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Charter for the Center for Hybrid Embedded Software Systems



"The term cyber-physical systems (CPS) was coined by Helen Gill at the National Science Foundation in the U.S. to refer to the integration of computation with physical processes. In CPS, embedded computers and networks monitor and control the physical processes, usually with feedback loops where physical processes affect computations and vice versa. The design of such systems, therefore, requires understanding the joint dynamics of computers, software, networks, and physical processes. It is this study of joint dynamics that sets this discipline apart."

"When studying CPS, certain key problems emerge that are rare in so-called general-purpose computing. For example, in general-purpose software, the time it takes to perform a task is an issue of performance, not correctness. It is not incorrect to take longer to perform a task. It is merely less convenient and therefore less valuable. In CPS, the time it takes to perform a task may be critical to correct functioning of the system. In the physical world, as opposed to the cyber world, the passage of time is inexorable."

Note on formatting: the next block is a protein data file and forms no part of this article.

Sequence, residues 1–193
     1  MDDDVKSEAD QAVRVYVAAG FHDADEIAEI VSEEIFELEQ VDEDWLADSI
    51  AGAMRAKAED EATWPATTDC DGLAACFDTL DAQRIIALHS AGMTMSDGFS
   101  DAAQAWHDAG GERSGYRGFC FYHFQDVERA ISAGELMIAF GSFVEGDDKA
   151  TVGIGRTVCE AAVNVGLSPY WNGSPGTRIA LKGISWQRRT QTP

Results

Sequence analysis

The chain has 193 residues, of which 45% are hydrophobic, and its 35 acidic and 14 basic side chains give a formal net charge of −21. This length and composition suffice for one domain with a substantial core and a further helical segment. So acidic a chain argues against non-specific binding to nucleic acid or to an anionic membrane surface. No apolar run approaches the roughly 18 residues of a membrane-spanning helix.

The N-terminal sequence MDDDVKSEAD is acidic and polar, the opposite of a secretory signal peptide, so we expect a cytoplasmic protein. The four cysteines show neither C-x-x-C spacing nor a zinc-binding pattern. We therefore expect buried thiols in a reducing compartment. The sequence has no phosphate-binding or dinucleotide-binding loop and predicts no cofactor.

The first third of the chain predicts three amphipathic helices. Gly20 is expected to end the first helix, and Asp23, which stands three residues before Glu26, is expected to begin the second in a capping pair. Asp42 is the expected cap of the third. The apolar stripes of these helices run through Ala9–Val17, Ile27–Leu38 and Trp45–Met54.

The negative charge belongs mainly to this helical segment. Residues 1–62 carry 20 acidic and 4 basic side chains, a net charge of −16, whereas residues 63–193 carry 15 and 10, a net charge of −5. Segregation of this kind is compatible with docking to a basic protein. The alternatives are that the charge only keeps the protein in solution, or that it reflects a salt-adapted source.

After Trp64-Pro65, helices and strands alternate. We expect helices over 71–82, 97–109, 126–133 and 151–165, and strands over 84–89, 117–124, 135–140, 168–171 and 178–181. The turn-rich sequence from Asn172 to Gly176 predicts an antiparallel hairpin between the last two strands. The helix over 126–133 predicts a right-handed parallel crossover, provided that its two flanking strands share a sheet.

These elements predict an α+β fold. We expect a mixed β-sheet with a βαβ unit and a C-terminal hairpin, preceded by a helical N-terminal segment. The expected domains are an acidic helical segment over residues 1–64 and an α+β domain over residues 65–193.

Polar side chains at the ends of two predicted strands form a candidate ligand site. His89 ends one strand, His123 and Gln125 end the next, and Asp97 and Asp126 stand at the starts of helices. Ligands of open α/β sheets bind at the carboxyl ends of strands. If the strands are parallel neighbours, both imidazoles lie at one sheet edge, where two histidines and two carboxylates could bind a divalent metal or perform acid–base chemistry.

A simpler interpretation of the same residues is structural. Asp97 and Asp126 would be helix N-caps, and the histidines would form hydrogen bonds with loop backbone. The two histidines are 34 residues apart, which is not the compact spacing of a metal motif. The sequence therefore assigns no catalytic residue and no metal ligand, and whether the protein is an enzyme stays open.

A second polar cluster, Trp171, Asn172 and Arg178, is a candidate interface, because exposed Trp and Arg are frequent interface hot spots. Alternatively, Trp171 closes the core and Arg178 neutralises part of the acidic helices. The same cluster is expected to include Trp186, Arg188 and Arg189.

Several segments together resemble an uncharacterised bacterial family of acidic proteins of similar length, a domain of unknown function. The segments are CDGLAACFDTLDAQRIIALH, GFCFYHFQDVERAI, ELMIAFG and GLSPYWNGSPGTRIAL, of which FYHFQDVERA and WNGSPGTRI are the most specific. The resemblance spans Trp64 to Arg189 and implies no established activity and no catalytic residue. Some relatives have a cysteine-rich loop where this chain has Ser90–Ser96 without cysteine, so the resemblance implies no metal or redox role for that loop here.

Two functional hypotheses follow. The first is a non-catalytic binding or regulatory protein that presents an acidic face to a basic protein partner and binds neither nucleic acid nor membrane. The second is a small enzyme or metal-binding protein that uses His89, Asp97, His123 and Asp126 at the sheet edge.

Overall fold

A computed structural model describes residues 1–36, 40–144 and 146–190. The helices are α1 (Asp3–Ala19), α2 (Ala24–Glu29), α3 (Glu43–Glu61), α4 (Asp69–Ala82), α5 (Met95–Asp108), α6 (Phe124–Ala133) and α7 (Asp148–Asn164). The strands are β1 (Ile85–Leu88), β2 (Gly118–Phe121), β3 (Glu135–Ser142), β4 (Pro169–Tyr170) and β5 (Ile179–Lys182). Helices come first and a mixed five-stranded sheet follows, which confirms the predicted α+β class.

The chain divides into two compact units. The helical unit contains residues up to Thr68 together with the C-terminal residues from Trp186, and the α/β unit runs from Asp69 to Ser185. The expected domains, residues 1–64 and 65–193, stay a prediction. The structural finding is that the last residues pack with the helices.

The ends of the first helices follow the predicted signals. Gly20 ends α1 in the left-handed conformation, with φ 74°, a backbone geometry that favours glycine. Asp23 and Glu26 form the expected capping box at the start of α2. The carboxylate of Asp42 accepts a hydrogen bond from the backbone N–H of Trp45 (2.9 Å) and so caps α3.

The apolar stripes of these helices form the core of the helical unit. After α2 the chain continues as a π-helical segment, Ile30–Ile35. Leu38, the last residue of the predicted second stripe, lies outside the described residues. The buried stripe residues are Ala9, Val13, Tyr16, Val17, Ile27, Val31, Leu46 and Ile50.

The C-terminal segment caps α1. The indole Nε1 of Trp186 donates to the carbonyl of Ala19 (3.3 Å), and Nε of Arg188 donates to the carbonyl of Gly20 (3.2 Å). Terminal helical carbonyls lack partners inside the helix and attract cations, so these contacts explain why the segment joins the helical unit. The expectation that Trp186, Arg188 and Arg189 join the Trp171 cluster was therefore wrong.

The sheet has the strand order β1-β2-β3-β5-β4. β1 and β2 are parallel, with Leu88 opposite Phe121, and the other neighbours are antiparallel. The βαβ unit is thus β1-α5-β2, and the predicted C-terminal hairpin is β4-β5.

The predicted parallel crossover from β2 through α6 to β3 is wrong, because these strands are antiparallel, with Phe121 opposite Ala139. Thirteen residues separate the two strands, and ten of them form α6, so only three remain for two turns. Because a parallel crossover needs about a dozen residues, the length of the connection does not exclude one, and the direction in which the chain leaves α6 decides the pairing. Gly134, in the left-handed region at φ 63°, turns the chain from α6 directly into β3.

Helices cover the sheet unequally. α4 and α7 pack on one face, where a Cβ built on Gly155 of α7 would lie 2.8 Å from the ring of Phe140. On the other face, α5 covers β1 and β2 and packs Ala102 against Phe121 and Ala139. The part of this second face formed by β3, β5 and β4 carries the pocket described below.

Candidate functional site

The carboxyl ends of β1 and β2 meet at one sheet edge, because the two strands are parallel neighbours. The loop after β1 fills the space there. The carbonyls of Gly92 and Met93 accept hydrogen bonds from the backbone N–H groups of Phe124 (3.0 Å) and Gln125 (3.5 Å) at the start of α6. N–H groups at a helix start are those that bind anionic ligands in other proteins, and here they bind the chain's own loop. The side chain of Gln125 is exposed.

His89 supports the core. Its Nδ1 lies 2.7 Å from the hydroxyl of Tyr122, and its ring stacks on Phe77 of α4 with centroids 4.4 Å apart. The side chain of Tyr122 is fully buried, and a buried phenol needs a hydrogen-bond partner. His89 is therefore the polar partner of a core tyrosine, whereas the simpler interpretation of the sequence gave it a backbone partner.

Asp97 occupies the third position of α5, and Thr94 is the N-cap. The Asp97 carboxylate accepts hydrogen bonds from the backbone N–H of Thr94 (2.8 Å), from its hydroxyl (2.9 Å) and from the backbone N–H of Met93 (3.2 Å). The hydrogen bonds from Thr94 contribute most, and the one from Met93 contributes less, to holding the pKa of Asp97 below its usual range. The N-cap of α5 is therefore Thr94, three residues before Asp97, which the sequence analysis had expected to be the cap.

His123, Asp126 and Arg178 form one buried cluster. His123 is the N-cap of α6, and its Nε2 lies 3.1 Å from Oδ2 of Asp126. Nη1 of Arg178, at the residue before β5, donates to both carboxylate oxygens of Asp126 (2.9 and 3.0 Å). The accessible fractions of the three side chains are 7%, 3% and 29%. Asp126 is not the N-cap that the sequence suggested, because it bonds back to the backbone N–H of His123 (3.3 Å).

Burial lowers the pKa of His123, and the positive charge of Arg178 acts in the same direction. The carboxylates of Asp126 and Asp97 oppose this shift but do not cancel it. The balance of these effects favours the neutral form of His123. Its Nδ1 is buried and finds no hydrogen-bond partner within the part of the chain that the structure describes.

- Edward A. Lee and Sanjit Seshia, Introduction to Embedded Systems.

The mission of the Center for Hybrid and Embedded Software Systems (CHESS) is to provide an environment for graduate research in cyber-physical systems by developing model-based and tool-supported design methodologies for real-time, fault tolerant software on heterogeneous distributed platforms that interact with the physical world. CHESS provides industry with innovative software methods, design methodology and tools while helping industry solve real-world problems. CHESS is defining new areas of curricula in engineering and computer science which will result in solving societal issues surrounding aerospace, automotive, consumer electronics and medical devices.

See also the "Center for Hybrid and Embedded Software Systems (CHESS) Overview" Powerpoint presentation.
and the "Center for Hybrid and Embedded Software Systems (CHESS) Poster" presented at the 2008 Berkeley EECS Annual Research Symposium

See also CHESS 2009 Prospectus

See also our Highlights page, which includes links to the annual reports.

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